Focus: Teachers and parents
Summary: There are many Indigenous perspectives in Canada and a diverse Indigenous student body enrolled every year in a range of post-secondary programs. Indspire asked a sample of recent recipients of its Building Brighter Futures’ financial awards what led to their educational choices. What resulted was a better understanding of trends and lessons Indigenous learners can teach policy makers and program service delivery agents about what is important to them.
Understanding the motivations and decisions that successful First Nation, Inuit, and Métis students make, contributes to building and supporting Indigenous student success. Do Indigenous students make the same choices about attending post-secondary institutions as other cohorts of students? What drives the choices Indigenous students make, what brought them to their college or university of choice, what keeps them there, and what is contributing to their graduation? Are there things that can be done differently to improve the recruitment, retention, and graduation rate of Indigenous learners?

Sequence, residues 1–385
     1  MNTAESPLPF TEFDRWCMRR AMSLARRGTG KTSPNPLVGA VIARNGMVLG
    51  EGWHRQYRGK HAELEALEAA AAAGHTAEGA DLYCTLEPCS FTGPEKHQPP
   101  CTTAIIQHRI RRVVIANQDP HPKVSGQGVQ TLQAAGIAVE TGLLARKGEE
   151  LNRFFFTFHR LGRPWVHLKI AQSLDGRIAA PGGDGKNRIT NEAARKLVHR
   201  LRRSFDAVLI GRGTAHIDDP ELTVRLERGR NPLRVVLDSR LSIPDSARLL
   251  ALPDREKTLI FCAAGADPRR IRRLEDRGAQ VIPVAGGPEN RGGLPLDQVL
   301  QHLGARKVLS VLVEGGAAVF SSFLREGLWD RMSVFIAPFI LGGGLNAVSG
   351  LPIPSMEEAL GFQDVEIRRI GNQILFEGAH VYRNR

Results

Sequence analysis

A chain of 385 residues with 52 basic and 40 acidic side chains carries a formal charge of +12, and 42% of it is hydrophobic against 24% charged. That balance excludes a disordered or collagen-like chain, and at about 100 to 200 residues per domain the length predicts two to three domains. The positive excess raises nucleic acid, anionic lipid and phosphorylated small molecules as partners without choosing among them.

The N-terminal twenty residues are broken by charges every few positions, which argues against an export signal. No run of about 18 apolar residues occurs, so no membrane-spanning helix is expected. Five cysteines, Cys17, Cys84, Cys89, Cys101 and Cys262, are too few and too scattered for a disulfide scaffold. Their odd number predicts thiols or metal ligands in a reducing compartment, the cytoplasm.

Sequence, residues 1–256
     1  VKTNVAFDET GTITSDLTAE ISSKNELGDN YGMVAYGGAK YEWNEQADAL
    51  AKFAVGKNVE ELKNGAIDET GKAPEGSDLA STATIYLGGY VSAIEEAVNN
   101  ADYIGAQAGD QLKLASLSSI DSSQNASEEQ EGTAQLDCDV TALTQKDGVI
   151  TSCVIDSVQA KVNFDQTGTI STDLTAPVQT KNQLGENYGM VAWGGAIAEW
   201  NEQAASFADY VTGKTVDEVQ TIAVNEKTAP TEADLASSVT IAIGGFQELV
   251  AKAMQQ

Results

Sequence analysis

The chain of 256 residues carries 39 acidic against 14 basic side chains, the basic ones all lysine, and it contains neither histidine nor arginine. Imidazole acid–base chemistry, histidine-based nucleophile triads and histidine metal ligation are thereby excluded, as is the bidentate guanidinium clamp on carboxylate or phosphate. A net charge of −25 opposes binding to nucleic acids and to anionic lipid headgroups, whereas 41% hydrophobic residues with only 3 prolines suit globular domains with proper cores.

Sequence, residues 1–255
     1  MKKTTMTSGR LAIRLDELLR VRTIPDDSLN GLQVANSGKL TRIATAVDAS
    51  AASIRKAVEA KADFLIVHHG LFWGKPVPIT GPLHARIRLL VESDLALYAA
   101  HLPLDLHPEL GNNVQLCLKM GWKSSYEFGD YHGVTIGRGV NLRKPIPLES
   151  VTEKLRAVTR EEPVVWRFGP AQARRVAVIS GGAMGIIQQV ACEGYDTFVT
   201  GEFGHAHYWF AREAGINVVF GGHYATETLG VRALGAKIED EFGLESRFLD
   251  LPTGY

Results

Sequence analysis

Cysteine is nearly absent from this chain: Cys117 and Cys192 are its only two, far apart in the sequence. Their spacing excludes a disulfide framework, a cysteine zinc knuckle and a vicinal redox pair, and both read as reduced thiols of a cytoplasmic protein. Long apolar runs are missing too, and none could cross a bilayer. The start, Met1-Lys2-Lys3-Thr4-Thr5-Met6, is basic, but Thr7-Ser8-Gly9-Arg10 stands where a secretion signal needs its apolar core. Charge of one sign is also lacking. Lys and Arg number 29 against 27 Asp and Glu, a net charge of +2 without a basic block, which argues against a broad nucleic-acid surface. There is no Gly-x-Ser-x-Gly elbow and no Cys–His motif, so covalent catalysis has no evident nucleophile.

Key findings from the survey were as follows:
- The majority of the Indigenous post-secondary students sampled were studying at university, enrolled in a four year program.
- The majority of students in the sample were studying in Ontario, Alberta, BC, Manitoba and Saskatchewan.
The top six factors that influenced respondents when choosing their school were:
- program of study;
- school reputation;
- financial aid (bursaries/ scholarships);
- Indigenous centre services; and
- location was in close proximity to home.
The six least important factors reported by respondents were:
- athletics (varsity recruitment);
- friends/peers attending same institution;
- Maclean’s magazine ranking;
- secondary school guidance counsellors;
- location was away from home; and
- parental influence.
The four services most used by these students were:
- academic advising;
- Indigenous services;
- financial aid; and
- faculty/division support.